Emboldened by the Bentley Blockade

 

It’s been ten days since the text arrived announcing the suspension of Metgasco’s license to drill for oil at Bentley.

 

Only ten days — and life has changed dramatically for many of us.

 

I search for a word for this new feeling and find an old one:

 

Embolden: “To give someone the courage or confidence to do something.”


What really happened at Bentley?

 

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I did not camp there and visited on only a few occasions, so I can’t say for sure.

 

What I do sense is the aftermath–the spin-offs, the unintended effects.

 

At the final Bentley dawn service on Tuesday 20th May, Ruth Rosenhek begged several hundred cheering Protectors and supporters to go gently after the close of the Bentley Blockade, to keep up the warm hugs and looking into people’s eyes when she’d meet them in the street in Lismore.

 

Everyone was nodding agreement. We must not let this fade; we must keep this connection.

 

See:

https://freefall23.wordpress.com/2014/05/19/go-forth-gently-the-aftermath-of-bentley/


Most local people I speak with confess to having had a good long cry after the victory. I certainly did.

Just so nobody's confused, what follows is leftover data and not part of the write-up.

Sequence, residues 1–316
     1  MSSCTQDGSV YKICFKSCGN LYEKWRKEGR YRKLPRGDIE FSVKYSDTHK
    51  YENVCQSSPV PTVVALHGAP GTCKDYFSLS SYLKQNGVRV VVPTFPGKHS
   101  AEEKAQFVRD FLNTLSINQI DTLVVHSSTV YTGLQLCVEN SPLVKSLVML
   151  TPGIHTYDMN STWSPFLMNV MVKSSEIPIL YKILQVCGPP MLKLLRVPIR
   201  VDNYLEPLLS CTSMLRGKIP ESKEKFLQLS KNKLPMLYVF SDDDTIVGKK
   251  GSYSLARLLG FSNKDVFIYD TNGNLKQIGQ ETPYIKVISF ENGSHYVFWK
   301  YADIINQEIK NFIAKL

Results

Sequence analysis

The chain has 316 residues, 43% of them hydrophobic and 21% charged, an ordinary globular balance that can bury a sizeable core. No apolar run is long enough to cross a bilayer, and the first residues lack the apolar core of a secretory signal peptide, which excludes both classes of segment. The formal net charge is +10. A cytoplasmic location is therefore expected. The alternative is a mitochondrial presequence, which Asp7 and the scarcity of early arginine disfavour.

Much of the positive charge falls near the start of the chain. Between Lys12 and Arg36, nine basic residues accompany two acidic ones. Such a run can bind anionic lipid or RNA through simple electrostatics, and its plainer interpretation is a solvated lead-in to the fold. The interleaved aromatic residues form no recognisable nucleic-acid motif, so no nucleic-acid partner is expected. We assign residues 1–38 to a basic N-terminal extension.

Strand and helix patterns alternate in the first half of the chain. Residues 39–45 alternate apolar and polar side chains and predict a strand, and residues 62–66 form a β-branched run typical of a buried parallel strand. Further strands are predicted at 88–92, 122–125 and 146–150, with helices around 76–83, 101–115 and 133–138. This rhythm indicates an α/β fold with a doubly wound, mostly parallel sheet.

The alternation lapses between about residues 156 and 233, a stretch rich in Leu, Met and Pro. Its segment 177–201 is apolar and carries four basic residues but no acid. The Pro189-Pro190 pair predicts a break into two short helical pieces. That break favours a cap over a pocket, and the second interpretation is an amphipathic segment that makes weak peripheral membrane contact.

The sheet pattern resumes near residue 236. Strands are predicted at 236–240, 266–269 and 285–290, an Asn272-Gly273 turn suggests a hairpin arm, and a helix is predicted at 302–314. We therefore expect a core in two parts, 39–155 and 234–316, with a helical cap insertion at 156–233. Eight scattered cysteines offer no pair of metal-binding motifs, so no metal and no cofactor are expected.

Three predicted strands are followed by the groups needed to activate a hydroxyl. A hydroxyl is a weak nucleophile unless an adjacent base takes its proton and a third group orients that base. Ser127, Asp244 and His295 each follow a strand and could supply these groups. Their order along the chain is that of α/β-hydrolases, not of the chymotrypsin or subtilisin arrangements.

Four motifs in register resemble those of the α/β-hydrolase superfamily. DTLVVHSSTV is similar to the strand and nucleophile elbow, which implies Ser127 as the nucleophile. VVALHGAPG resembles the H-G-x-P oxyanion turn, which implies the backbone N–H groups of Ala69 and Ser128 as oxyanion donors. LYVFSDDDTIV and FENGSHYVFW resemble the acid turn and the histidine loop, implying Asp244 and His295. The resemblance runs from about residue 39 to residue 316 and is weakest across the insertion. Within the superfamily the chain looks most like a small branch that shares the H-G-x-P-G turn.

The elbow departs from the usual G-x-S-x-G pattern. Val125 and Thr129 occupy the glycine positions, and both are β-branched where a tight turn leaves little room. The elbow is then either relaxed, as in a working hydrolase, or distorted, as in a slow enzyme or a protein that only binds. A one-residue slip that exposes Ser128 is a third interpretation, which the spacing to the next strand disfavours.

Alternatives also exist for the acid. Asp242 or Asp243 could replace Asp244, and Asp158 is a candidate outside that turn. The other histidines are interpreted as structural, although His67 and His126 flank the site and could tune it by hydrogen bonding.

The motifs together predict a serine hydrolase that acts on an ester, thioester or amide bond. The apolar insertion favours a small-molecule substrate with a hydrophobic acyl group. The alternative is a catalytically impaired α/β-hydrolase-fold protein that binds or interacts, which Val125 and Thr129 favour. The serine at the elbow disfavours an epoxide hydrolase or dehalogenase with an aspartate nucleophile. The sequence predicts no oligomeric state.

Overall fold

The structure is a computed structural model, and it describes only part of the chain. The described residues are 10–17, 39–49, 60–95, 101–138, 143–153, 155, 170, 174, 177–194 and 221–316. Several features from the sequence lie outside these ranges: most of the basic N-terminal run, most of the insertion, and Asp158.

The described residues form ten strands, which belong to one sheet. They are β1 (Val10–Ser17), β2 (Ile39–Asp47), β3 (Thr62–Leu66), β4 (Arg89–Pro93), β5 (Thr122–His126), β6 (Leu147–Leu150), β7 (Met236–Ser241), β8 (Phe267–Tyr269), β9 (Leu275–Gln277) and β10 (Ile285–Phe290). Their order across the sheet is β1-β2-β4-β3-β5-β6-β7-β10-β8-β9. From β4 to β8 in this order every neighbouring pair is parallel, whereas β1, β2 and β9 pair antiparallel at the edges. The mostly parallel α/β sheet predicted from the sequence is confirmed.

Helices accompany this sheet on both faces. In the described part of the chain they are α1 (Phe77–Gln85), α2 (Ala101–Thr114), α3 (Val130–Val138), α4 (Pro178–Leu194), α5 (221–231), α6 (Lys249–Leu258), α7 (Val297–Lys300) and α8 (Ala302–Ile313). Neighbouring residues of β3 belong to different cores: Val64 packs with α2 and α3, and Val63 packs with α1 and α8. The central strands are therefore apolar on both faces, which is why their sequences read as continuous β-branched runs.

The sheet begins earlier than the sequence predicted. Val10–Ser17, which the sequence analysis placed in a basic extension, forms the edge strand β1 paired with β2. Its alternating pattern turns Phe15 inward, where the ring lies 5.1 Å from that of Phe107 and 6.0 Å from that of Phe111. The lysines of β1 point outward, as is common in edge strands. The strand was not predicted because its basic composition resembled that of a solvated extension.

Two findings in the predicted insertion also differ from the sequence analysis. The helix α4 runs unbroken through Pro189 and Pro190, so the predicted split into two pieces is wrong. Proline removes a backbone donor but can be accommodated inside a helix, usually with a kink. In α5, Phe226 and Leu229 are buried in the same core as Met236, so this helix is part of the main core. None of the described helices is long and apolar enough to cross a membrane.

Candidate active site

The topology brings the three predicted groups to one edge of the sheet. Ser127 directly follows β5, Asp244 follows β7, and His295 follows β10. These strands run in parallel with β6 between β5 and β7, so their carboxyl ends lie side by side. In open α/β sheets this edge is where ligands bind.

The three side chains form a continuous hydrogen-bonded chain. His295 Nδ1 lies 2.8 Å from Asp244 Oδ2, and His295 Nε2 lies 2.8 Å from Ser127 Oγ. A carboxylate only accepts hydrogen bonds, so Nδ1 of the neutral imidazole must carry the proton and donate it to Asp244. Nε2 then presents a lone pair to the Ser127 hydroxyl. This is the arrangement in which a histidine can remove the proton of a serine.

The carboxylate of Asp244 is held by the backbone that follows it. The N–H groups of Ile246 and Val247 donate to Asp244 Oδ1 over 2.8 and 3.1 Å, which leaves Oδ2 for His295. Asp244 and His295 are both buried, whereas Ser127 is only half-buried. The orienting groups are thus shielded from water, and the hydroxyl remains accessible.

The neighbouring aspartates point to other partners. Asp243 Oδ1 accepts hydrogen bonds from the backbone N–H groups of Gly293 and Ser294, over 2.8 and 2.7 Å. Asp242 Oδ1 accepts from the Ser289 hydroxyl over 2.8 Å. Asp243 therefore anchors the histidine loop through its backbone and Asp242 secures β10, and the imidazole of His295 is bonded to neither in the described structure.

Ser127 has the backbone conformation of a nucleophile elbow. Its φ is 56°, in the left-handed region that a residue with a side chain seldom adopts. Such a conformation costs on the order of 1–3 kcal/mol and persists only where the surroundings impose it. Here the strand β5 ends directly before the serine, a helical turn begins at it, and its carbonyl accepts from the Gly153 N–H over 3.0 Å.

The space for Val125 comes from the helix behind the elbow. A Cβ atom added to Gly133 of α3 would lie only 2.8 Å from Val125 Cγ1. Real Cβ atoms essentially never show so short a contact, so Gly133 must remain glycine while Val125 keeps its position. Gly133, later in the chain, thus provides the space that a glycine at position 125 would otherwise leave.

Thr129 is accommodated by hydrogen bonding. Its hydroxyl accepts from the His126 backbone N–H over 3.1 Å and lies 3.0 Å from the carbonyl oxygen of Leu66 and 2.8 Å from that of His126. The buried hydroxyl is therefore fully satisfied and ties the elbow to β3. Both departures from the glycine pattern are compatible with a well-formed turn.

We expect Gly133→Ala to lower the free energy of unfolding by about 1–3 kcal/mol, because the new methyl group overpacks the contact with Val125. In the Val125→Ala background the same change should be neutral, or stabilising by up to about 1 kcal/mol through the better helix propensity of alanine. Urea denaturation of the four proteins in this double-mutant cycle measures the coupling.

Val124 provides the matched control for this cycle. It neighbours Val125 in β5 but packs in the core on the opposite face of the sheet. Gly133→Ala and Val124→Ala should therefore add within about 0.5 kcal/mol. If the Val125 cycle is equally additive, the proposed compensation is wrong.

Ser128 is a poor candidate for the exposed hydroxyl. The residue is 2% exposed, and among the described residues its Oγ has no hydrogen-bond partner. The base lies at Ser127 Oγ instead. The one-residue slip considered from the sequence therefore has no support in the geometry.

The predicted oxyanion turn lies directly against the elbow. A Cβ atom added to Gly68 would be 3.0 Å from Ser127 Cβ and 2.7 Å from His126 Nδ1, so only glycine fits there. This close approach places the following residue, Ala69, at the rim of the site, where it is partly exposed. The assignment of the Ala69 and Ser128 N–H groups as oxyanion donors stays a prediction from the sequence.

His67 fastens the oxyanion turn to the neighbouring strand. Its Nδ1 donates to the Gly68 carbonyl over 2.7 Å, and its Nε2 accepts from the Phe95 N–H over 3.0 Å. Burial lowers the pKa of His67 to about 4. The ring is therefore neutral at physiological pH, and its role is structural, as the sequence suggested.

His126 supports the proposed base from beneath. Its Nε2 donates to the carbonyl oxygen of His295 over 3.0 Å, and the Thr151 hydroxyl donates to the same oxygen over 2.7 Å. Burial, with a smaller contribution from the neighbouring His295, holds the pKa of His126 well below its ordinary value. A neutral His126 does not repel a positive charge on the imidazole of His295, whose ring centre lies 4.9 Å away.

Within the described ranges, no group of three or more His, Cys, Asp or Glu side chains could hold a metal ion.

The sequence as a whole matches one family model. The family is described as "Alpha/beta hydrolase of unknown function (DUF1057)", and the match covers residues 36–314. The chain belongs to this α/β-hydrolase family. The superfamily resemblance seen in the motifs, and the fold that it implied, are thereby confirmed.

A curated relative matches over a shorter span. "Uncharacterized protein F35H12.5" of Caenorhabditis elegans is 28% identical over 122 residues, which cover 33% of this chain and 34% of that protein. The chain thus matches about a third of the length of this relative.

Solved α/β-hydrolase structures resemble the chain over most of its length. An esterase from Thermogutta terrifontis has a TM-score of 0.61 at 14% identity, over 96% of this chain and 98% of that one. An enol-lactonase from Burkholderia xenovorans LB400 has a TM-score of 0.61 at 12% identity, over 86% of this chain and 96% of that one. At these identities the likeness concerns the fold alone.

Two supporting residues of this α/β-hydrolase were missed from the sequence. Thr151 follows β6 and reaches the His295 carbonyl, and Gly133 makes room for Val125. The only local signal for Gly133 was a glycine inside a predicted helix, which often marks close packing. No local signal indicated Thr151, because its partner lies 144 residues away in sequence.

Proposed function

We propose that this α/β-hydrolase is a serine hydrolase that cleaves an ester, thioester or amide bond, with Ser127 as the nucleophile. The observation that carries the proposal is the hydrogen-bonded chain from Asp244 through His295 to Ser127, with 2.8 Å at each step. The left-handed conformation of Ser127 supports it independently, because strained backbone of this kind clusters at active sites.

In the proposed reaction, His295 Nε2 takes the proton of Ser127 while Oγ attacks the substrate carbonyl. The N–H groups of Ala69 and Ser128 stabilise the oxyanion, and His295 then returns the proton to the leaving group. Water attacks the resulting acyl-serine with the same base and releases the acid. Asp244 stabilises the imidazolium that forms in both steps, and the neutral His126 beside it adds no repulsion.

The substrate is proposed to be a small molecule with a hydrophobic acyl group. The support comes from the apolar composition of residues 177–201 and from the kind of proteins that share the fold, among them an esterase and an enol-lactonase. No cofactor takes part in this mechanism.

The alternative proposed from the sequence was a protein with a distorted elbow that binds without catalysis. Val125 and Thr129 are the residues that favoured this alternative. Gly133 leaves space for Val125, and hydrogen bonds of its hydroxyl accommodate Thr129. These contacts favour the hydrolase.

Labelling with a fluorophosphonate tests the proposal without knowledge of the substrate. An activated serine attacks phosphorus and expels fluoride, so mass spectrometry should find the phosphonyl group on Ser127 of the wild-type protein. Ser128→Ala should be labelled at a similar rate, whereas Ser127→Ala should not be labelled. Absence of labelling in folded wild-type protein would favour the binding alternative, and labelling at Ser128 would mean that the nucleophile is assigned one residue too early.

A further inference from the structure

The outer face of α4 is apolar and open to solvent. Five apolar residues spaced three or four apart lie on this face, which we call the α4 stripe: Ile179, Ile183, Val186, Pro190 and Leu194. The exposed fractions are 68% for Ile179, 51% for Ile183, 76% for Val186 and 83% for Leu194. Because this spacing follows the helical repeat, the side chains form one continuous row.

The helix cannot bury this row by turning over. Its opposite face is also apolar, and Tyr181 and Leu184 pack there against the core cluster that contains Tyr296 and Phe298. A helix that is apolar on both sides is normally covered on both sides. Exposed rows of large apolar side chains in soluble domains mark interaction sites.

Some are in a shocked and fragile state.

 

Most are simply astonished.

 

And even those known as being “the voice of reason” admit the need to celebrate such a magnificent triumph.

 

Whatever happens next — here and elsewhere – the Bentley Blockade was a massive victory that Australia will never forget.

 

The ham-fisted tactics of a cowboy mining operation have brought forth the most sophisticated social action this country has seen in decades.

 

Metgasco has done us all a great favour.

 

We are emboldened. Our courage and confidence have been strengthened.

 

The Bentley Blockade is a powerful symbol for those who believe in freedom. Everything about the operation communicated care, love and concern.

 

What could be more heart-warming than the Camp’s beautifully tended vegetable garden?

The Bentley Vegetable Garden
The Bentley Blockade Vegetable Garden

 



“We who believe in freedom cannot rest”

 

When I was younger, I listened to Holly Near and Sweet Honey in the Rock sing Ella’s Song:

 

“We who believe in freedom cannot rest.